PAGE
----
(This is NOT a sponsored post, the companies I mention are small local companies that I recommend looking up instead of going through a 3rd party vendor)
Since I returned from my South America trip, I’ve been asked many times what was my favorite part. The whole trip was so different from hiking mountains to scuba diving. But one of the most unique things I did on the trip, or even in my life, was visit the salt flats of Uyuni, Bolivia.
Uyuni is home to the largest salt flats in the world running across 4,086 sq mi. Thousands of people flock to this area each year to get a chance to take mind boggling photos.
How To Get There
The main port to get to Uyuni is from La Paz. I suggest spending a few days in La Paz since there are a lot of cool things to see (future post to come). Taking a flight will set you back around $150 (when I booked), but was only a 40 minute flight. A taxi from the airport to my hotel was 15 Bolivianos.
Another option is a sleeper bus. Much cheaper around $30, but will take you around 8-10 hours. Many people I met took an overnight bus and joined a tour group to the salt flats and the southern loop to the red lagoon as soon after they arrive.
Uyuni Option 1
There are a couple options you can take when visiting Uyuni. The main option most people do is to go on a day trip to the salt flats and then take a 3 day ride down to the Red and Green Lagoons, Geysers Sol De Mañana, Polques, Dali Desert, and the Uturunku Volcano. So you don’t even have to spend the night in Uyuni except maybe the night you get back. The only downside is you are stuffed in a beat up car driving for 12 hours a day and once you make it down to these beautiful sights, you end up staying at dingy hostels.
Uyuni Option 2
This is what I did. I flew into Uyuni at night and took at taxi to my hotel, La Petite Porte, which was one of my favorite places I have ever stayed. My reservation was made online and paid via pay pal. They were the winner of the Trip Advisor Hotel Awards 2017 and they definitely deserved it! Every night you are given a menu where you get to pick what you want for breakfast and the time it will be delivered to your room (definitely try the French toast and hot chocolate). The beds are comfortable, the rooms are spacious, and I never had trouble with the wifi.
I took a day trip to the salt flats with a local travel company that wasn’t great so I won’t mention them. We started at the Train Cemetery, visited Dakar, the first hotel made out of salt, ate lunch on the flats, went to a salt facility where we learned how salt goes from blocks to the salt we put on our food, ventured out to the flats, checked out the cactus island that holds 30 species of cacti, and finally ended the day at the reflection salt flats.
I decided I wanted to do another trip out to the flats to do some stargazing. With miles of nothingness, the uyuni salt flats are a great place to see the stars in the dark sky.
So my second day I went on a trip with another local company called Hodaka. Side note, the salt flats picture only come out well with an iPhone… I think it has to do with the settings. I own a Samsung so I asked someone in both groups to take pictures and send them to me. It was July aka winter in Uyuni, so I came prepared with a hat, gloves and lots of layers. We were given rain boots for the water salt flats, but I highly recommend bringing wool socks because after the sun set it was FREEZING! Totally worth it! The numbness in my hands and feet eventually went away, but the views I saw will last a lifetime.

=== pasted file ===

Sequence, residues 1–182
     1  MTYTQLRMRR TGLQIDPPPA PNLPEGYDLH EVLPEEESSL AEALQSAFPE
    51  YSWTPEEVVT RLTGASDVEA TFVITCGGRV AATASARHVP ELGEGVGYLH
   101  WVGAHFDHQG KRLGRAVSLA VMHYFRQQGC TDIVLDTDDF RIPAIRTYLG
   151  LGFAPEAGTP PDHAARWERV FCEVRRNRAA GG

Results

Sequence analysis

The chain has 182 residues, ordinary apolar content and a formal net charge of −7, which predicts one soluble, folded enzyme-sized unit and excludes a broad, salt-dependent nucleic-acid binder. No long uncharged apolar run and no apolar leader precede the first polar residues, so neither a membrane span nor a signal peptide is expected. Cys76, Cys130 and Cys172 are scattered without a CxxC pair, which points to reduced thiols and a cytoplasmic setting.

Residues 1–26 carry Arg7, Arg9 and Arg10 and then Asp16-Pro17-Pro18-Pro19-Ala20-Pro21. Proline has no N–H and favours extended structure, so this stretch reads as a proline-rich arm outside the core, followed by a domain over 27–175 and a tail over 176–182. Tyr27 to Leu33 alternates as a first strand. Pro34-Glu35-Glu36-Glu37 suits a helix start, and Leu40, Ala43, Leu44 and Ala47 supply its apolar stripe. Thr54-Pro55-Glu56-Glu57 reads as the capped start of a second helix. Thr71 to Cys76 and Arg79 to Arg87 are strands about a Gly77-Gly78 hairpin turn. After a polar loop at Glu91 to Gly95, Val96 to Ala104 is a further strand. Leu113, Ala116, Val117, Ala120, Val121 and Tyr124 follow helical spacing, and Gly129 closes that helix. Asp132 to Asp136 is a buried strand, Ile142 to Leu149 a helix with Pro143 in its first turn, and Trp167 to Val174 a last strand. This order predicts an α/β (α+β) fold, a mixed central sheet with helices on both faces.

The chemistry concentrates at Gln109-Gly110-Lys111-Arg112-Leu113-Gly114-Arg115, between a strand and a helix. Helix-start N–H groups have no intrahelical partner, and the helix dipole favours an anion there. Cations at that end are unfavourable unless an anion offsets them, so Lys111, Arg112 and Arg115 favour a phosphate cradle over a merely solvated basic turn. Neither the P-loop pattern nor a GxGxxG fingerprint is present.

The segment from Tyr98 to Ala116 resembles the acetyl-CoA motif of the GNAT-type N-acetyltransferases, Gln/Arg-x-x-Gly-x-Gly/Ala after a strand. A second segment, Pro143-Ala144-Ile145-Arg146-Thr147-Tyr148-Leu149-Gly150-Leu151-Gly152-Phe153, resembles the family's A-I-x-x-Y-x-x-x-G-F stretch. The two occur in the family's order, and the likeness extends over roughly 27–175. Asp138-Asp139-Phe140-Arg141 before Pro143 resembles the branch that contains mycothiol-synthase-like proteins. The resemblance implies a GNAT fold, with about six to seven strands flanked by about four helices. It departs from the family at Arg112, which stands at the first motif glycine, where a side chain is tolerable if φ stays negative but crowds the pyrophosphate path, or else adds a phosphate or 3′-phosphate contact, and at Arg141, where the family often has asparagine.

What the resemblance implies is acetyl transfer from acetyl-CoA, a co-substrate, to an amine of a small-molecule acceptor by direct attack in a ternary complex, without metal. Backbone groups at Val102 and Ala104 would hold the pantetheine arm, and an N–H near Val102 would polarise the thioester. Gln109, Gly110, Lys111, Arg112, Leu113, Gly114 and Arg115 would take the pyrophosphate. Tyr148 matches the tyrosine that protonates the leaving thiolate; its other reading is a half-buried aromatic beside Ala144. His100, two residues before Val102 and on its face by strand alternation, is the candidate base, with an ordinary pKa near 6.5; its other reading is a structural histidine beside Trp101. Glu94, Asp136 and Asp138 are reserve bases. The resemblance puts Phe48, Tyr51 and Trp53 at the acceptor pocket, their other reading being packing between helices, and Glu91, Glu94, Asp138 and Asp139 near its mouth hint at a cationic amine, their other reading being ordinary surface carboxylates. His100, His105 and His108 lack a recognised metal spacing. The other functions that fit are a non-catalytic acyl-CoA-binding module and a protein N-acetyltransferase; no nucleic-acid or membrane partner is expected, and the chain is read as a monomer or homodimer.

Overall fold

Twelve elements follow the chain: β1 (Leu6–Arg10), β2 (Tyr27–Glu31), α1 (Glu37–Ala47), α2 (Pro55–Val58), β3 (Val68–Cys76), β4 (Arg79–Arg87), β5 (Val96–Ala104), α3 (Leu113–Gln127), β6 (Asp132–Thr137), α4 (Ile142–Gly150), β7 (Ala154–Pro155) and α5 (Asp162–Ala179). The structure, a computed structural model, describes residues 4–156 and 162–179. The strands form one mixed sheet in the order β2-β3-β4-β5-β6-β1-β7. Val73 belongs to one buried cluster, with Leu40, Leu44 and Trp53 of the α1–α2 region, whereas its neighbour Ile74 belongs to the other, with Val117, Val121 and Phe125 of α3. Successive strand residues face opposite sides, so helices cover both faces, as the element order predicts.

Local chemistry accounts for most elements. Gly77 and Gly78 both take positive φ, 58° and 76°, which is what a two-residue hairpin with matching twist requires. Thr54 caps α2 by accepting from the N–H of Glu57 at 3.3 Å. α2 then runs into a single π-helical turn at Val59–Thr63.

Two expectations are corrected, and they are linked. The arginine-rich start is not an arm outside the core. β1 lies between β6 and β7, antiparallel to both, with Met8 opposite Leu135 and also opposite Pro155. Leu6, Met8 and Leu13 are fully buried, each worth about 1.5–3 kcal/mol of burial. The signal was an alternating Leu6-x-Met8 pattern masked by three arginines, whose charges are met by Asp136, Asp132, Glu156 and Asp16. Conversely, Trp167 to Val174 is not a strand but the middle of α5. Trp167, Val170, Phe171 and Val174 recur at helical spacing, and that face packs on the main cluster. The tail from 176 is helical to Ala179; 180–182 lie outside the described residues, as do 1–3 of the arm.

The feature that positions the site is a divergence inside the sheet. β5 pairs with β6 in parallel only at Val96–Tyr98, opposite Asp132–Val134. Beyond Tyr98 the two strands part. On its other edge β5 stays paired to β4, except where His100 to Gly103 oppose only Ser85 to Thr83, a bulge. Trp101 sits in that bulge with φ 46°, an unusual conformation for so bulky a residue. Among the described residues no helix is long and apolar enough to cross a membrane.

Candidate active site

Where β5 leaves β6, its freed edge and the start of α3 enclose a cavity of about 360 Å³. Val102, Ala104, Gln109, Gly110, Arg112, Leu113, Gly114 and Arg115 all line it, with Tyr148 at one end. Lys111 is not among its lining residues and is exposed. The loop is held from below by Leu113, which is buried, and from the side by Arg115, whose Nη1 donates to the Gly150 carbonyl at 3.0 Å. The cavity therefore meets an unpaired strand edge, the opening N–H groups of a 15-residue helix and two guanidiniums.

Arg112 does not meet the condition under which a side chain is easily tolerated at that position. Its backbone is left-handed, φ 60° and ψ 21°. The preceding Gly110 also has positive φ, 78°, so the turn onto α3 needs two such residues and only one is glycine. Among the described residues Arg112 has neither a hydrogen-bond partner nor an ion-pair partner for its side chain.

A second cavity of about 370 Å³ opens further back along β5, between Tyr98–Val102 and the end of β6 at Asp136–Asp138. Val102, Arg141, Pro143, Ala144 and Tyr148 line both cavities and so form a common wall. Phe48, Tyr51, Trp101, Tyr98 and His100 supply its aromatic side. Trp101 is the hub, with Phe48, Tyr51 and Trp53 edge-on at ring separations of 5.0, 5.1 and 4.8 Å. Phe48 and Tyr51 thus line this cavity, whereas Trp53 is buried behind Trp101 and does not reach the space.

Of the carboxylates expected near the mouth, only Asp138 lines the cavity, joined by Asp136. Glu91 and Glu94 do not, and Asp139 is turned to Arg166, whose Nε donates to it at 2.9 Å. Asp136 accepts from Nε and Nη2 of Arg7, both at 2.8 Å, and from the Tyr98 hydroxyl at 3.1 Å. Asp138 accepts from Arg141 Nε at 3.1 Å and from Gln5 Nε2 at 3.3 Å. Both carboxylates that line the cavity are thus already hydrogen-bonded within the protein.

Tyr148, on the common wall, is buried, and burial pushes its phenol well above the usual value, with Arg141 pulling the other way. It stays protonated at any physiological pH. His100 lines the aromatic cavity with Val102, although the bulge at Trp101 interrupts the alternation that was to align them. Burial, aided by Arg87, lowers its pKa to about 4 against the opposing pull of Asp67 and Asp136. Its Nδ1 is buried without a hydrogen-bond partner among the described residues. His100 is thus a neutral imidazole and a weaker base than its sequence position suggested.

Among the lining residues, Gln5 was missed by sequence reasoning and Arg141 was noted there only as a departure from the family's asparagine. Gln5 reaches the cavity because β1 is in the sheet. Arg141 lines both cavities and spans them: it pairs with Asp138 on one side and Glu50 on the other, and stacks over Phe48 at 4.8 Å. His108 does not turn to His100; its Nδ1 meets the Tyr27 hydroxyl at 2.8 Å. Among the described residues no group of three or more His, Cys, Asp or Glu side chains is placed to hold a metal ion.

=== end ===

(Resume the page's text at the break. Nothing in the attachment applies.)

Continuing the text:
Uyuni Option 3
Now that you’ve done your Salt Flat excursions, let me tell you about a new trip that not many people know about. Two guys, Johnny and Jesus, who use to be tour guides decided to open up their own private company. They will take you to all of the usual destinations in Uyuni, but they have a little secret up their sleeves. They’re a two man one car company is called Bolivian Salt and they are the only company to go north up to the small village of Tomave.
About 5-6 years ago the people of Tomave were starving. This was a very poor village without electricity or running water. Then quinoa became popular in the US and Europe. Would you believe one of the biggest exporters of quinoa comes from this region? Soon the village came into wealth, but you wouldn’t know it as the town’s people choose to live a simple life.
The ride through Tomave is short as there isn’t much to see there. The excitement begins on the other side. This tour is so new that there aren’t names for many of the things you will see. Your English speaking guide, Johnny, will tell you all about the history of this region, point out the different animals you will pass, and take pictures for you along the way. By the way, you get all of this land to yourself! There is literally no one around for miles. See bright turquoise lagoons in between rainbow striped mountains, experience the desert that hasn’t been walked on since the last time Bolivian Salt took a tour group up there, eat a home cooked meal with llamas grazing off in the distance.
I’m all about transparency when I review a company to my readers. When I went on this trip there were no bathrooms. We were gone all day, so I ended up peeing behind a rock. But to me I didn’t mind, with all the hiking I do it wasn’t the first time I’ve had to squat in nature. Johnny did say he was looking into getting a porter potty placed up there in the future.
*Remember when you visit non wealthy countries that you try to find the small local business and support them by giving them your business and promoting them on your social media*
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